Are you possibly scanning the Internet for miscarriage statistics by week..? I promise, I’ve been there!
Miscarriage statistics by week can be hard to find, so I have compiled the most recent data for you in this post. I know from my own experience how important this information can feel.
Why? Well, here’s my story:
After 6 months of trying, we finally conceived – only to miscarry in the fifth week of pregnancy. This was followed by a long and emotionally exhausting period of keeping track of ovulation, timing the lovemaking, BBT charting and hoping. It took another 9 months before we finally conceived again. I know that this is nothing compared to what many other couples go through, but it was still very tough.
When I finally got pregnant again, I was very worried that I would have another miscarriage. I don’t know how many hours I spent on the Internet looking for miscarriage statistics by the week of pregnancy.
When I experienced bleeding in week 8 of my pregnancy, I panicked. I called my midwife (I had my first prenatal visit scheduled a couple of weeks later) and she asked me to come in for an early ultrasound. I did and I got to see my baby. I saw her little heart beating and I saw the little embryo moving around. It was a fantastic feeling.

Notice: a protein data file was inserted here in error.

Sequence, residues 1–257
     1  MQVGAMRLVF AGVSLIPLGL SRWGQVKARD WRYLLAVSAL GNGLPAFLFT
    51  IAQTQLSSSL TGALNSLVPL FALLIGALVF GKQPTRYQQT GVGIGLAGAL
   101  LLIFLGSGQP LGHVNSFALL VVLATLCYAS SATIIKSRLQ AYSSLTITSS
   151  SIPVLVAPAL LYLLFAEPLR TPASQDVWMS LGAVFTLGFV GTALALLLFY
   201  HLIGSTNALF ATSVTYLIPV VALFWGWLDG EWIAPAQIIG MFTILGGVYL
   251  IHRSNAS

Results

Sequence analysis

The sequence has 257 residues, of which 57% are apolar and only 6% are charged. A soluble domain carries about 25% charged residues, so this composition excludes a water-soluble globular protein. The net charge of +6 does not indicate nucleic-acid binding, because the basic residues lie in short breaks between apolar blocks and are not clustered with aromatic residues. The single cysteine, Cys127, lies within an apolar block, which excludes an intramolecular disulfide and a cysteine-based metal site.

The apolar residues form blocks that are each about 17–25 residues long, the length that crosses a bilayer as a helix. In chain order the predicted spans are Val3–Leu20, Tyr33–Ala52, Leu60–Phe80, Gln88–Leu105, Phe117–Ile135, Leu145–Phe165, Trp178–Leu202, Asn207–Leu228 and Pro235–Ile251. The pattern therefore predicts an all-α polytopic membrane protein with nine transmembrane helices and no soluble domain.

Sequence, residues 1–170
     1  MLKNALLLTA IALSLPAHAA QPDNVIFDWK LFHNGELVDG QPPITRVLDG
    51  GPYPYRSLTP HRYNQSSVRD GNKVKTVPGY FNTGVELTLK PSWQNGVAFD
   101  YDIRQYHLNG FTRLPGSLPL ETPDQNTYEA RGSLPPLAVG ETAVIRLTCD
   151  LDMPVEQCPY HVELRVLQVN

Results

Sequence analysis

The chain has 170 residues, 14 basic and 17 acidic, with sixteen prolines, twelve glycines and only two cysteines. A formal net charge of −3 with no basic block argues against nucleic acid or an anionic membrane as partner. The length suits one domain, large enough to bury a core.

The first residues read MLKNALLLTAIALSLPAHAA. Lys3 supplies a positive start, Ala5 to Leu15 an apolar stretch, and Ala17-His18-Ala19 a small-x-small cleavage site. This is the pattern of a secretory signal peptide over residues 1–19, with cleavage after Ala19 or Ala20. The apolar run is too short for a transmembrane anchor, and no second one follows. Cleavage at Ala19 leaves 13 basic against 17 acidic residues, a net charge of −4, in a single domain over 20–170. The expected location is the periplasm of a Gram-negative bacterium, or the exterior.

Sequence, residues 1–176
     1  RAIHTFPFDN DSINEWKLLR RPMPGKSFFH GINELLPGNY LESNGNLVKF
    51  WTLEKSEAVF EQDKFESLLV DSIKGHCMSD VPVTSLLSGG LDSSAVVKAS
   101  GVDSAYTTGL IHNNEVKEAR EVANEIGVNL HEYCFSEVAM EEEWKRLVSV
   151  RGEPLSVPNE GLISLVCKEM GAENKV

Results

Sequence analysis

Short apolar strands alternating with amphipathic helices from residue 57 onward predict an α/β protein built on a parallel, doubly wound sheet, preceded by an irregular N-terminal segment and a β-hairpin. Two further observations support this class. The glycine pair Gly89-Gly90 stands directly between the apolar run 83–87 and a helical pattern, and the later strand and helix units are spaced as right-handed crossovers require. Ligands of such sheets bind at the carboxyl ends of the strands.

This little peek inside my womb helped me stop worrying somewhat, but I did continue counting the days until week 12 had passed. I also read and learned quite a bit about miscarriage.
If you are feeling anxious like I did, I’d like to help you save a few hours. I have gathered and compiled the miscarriage statistics that I’ve been able to find.
At the bottom of the page, you’ll find references to research as well, if you want to dig deeper.